Over the course of its existence, Nissan’s Pathfinder has morphed from a body-on-frame SUV to a unibody soft-roader, twice! Today’s Nice Price or No Dice edition hails from the first, and by far the most robust, version. Let’s see if that, and its condition, makes its price a path you might want to follow.
People generally tend to fall into two camps regarding the Ford-influenced cars from Jaguar, Aston Martin and Volvo during the company’s ownership of those brands. Some appreciate Ford’s open parts bin policy for their adoptees, while others deride the unfortunate brand dilution that’s inherent with such a move.
I happen to fall in the former camp, and as evidence of the positive outcome of such endeavors I give you the 2010 Volvo S40 T5 R-Design we looked at last Friday. That car was made possible by a generous grant from the Ford Motor Company and buyers like you. With its $9,000 asking price and apparently decent shape, that Ford/Volvo parentage continued to pay off, earning the hot little sedan an amazingly narrow but still decisive 52 percent Nice Price win.
Ford may not own Volvo anymore — nor for that matter, anything much other than Lincoln — but automotive partnerships and outright over-lording in the industry continues unabated.
Take for example the case of Nissan Motor Company. The Yokohama-based company may seem completely independent to American eyes, but in reality it’s closely partnered with Renault of France and holds a controlling interest in its fellow Japanese carmaker, Mitsubishi. Considering all that, it’s pretty difficult to figure out who exactly is to blame for what’s become of the current generation Nissan Pathfinder.
That current car may still offer AWD as an option, but it is built on what’s nominally a Nissan Altima FWD platform and lacks any sort of pretense for off-road ability. The only paths it will find are the ones already been paved in macadam.
That wasn’t always the case, as this 1988 Nissan Pathfinder proves. This first-generation truck is not only body-on-frame, a form that has seemingly fallen from favor, it’s also (gasp!) a two-door. Do you know how many two-door SUVs there are left to buy these days? Hell, even the Jeep Wrangler two-door gets relegated to second-tier duty in that model’s line up. Thankfully Ford did the right thing and will offer the new Bronco with two doors along with its four-door edition.
But who has the money to spend on a new Bronco? Add to that all the accessories you’d want to pile on — high-lift jack, traction boards, jerry cans and the like — and suddenly you’re not just going off-roading, you’re on the road that leads to the poorhouse.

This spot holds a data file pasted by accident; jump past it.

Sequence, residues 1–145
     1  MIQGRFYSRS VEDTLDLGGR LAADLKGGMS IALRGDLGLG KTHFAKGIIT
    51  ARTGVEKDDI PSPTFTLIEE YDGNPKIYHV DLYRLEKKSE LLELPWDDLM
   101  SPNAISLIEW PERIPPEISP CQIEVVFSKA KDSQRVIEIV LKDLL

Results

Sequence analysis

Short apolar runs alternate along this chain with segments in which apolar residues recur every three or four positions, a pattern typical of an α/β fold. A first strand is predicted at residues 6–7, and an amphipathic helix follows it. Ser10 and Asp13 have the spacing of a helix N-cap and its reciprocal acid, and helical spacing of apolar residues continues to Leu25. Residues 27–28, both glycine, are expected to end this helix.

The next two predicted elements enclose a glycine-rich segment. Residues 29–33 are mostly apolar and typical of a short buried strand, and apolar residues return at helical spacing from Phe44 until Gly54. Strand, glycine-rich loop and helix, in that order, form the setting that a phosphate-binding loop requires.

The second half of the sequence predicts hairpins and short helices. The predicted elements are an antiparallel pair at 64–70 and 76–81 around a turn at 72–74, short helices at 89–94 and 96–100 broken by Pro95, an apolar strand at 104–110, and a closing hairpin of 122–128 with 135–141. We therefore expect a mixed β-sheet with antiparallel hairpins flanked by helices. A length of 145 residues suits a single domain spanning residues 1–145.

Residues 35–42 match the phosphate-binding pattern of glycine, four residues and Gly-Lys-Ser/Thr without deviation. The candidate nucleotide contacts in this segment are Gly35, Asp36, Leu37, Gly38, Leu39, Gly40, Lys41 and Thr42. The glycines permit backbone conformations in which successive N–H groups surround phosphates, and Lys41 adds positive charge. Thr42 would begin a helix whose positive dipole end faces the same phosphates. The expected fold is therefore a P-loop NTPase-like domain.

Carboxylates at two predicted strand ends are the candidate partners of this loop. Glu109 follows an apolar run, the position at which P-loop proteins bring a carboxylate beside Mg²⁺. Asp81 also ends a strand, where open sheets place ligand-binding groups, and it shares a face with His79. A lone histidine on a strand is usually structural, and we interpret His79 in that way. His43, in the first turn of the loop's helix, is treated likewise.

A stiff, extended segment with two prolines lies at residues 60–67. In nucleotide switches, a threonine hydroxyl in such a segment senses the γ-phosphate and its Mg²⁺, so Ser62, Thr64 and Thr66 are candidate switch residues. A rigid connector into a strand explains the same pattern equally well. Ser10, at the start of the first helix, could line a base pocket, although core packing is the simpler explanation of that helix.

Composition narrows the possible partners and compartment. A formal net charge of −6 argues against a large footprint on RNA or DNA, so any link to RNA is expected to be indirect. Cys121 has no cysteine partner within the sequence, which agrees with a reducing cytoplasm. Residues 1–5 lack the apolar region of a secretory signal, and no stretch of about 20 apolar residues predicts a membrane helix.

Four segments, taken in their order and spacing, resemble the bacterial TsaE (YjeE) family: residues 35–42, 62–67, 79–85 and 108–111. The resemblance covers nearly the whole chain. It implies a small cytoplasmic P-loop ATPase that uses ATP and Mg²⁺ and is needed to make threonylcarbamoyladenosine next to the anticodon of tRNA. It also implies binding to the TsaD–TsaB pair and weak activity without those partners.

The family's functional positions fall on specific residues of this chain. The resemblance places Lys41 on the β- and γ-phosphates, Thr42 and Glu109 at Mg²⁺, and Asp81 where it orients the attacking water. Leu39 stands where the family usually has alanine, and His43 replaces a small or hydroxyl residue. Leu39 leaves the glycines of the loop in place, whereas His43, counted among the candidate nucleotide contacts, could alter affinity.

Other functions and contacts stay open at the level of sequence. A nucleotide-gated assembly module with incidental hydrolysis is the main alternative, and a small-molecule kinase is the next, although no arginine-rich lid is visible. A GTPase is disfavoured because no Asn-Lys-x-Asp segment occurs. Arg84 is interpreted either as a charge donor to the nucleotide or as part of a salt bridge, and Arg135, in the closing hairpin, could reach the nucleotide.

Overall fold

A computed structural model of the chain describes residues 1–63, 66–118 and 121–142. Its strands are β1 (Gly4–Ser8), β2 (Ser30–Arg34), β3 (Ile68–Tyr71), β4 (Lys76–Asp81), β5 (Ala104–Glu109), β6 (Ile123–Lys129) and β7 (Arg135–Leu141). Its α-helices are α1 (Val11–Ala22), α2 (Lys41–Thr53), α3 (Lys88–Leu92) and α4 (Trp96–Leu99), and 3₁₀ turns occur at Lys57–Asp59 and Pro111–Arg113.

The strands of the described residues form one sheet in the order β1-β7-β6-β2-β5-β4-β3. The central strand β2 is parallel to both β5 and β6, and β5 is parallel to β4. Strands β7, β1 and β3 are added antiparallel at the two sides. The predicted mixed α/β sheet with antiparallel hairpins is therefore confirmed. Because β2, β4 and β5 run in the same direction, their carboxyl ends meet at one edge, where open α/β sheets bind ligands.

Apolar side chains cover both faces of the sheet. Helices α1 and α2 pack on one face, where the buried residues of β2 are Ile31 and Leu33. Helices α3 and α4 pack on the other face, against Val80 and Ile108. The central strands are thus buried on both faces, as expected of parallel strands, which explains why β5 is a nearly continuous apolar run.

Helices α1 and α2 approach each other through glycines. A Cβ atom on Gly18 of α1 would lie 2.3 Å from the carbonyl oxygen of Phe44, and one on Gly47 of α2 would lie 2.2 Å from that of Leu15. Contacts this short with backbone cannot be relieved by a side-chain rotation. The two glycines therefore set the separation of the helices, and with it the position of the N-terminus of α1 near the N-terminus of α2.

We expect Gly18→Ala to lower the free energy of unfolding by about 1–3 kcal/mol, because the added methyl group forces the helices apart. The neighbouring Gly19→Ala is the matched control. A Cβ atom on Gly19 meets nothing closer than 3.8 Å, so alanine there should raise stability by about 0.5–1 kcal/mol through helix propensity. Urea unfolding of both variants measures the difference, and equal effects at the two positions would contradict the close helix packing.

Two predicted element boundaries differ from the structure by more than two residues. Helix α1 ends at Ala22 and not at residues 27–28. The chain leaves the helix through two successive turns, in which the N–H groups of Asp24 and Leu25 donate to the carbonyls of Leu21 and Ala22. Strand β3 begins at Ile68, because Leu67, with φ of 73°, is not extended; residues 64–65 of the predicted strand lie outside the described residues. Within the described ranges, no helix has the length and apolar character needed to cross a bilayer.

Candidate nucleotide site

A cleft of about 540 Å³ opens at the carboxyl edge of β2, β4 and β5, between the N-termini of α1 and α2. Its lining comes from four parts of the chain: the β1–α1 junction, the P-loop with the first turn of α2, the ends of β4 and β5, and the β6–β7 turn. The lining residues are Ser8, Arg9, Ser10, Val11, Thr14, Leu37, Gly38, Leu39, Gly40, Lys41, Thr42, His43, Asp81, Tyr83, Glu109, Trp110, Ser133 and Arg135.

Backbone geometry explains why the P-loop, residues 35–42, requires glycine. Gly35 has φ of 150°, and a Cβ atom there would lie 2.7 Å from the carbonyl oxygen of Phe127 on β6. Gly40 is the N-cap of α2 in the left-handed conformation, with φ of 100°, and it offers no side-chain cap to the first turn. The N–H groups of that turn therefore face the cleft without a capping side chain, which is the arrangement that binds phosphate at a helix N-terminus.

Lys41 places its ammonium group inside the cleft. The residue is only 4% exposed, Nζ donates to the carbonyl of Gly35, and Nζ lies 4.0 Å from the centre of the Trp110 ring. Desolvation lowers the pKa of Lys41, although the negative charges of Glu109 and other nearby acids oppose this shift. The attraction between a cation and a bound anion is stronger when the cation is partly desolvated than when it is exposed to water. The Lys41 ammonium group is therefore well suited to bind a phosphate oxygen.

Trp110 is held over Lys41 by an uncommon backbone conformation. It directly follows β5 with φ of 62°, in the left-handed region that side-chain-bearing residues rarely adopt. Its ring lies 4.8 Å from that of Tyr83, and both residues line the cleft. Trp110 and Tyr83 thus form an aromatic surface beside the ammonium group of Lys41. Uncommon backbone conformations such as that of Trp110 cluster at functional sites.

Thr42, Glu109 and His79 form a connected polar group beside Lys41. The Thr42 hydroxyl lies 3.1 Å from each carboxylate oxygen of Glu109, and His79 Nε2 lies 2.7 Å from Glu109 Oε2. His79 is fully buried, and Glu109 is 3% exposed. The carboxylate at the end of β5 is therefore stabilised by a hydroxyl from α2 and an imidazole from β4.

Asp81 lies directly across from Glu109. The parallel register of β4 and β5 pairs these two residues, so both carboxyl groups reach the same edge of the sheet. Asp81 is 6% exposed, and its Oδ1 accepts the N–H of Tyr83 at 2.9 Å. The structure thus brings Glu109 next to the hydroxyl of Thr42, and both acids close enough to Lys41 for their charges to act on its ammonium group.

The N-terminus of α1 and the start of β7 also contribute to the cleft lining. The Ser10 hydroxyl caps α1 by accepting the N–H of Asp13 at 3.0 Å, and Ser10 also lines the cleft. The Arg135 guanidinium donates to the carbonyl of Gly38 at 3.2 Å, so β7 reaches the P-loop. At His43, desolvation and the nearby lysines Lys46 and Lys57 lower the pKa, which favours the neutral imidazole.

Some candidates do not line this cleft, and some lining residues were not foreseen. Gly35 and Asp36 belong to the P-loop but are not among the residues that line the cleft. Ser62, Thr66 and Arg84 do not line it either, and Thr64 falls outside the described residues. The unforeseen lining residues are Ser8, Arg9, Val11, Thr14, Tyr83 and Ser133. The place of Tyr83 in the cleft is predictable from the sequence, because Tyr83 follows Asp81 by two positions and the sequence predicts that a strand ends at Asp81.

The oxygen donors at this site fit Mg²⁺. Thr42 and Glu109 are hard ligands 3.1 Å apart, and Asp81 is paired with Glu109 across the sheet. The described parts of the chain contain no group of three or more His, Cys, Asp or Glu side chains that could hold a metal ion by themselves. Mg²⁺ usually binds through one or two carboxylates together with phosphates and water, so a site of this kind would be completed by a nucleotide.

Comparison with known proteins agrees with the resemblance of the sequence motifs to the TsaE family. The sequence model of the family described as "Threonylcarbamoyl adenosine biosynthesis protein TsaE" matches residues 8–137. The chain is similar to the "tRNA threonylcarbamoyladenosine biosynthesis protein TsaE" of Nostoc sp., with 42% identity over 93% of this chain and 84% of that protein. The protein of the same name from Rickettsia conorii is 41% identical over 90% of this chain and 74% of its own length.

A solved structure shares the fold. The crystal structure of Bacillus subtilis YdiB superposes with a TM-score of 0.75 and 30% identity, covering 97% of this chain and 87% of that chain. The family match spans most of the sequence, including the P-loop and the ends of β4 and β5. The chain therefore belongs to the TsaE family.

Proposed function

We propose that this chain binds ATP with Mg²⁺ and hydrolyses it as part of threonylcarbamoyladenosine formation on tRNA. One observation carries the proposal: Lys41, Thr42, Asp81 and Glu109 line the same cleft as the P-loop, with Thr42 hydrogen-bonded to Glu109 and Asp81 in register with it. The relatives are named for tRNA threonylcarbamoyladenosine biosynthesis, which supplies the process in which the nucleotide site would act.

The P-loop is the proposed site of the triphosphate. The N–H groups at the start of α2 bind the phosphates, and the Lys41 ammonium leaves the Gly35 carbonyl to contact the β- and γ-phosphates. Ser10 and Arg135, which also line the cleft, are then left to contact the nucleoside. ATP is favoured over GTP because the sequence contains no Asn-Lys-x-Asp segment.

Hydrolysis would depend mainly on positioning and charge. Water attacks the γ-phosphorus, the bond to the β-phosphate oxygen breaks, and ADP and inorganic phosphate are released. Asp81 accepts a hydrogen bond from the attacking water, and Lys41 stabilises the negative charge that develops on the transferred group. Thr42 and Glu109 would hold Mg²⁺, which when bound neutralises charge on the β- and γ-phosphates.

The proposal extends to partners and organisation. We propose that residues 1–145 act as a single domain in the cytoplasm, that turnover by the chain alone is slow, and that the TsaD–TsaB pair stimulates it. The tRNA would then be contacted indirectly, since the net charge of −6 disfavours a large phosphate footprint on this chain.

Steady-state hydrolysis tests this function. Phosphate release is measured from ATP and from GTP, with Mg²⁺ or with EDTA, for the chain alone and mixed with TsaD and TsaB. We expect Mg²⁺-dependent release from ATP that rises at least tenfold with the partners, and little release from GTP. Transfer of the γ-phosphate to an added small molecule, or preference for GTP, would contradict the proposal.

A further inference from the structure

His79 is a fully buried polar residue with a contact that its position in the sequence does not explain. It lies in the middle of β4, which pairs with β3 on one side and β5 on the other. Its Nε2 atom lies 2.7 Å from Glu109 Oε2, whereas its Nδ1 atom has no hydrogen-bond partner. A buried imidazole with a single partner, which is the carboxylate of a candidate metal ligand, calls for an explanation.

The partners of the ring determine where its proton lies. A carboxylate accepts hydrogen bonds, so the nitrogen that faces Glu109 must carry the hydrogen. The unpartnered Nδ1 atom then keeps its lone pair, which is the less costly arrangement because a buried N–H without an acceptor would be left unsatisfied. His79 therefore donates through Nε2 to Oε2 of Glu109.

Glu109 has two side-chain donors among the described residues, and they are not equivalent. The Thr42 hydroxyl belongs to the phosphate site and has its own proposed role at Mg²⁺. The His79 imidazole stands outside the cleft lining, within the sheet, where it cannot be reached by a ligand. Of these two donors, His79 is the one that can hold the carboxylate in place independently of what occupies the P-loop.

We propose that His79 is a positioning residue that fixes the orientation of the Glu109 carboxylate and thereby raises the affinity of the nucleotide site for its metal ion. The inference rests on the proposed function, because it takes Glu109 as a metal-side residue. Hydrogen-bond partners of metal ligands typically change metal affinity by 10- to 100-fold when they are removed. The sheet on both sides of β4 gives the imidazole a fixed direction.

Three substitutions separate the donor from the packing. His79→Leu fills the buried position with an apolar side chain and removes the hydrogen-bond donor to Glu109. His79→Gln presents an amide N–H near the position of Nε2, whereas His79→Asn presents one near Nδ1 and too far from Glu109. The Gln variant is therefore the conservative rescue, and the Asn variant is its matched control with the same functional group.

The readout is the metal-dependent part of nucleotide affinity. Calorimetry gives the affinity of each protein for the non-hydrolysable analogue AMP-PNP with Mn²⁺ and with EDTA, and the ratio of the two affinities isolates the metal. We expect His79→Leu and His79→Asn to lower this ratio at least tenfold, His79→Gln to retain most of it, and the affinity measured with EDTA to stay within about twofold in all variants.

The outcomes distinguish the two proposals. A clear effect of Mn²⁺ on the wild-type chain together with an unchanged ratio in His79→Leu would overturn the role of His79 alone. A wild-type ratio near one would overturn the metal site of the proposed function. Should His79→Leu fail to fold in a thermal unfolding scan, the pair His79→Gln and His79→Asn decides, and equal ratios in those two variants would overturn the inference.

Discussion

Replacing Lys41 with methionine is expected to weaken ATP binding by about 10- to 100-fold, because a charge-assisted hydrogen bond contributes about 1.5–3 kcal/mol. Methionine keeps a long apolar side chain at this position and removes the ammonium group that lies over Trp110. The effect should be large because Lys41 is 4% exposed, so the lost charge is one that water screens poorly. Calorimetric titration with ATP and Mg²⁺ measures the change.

This Pathfinder, on the other hand, has had a lot of those accessories already added. The ad also shows plenty of pictures of it in its natural element, so you know it’s not a poseur either.
Despite the ample 196,000-mile odo count, the truck’s Bright Blue Metallic paint still seems completely serviceable. That’s great for getting a primo parking spot from the valet at one of those fancy linen-and-candles kind of eating establishments, but that’s not all this truck is about. No, what this truck is mostly about is getting in the thick of things, and it looks to be well equipped for that too.
The basics are there — Warn winch up front, four inches of combined suspension and body lift down below and big-ass Toyo tires holding the whole shebang up. You also get Bushwacker flares and a safari snorkel so you can pretend you’re off-roading even when you’re not. New brakes and critical engine components have been added, and the seller says the truck is tight as a drum.
The interior looks to be in better condition than it deserves to be. The stripey cloth upholstery appears to be in great shape and is matched with equally tidy door cards and an uncracked dash. That dash holds a newish Kenwood single DIN audio unit and more important, a CB radio. Why we don’t all have CBs in our off-roaders anymore is beyond me.
Power is provided by Nissan’s 3.0-liter VG30I V6, which in this iteration made 143 horsepower and 162 lb-ft of torque. That’s paired with a five-speed stick and the expected two-speed transfer case.
The ad does not provide an assessment of the mechanicals outside of noting a cold start lifter tick, a minor exhaust manifold leak and some slop in the steering. That’s not too bad for something that can still do what its name implies. How many other cars can say that? I’m looking at you, Triumph Spitfire.
The ad says that this is just one of the owner’s Pathfinders, so you would imagine it’s either been cared for by someone who really knows the cars or is a fright pig being unloaded in favor of better examples. Either way, we’re now going to have to determine how good a deal it may be at its $6,000 asking price.
That gets you the truck, a clean title and all the added gadgets. Do you think that could all add up to $6,000? Or, does that price make this a Pathfinder that’s hunting down the wrong trail?
H/T to FauxShizzle for the hookup!
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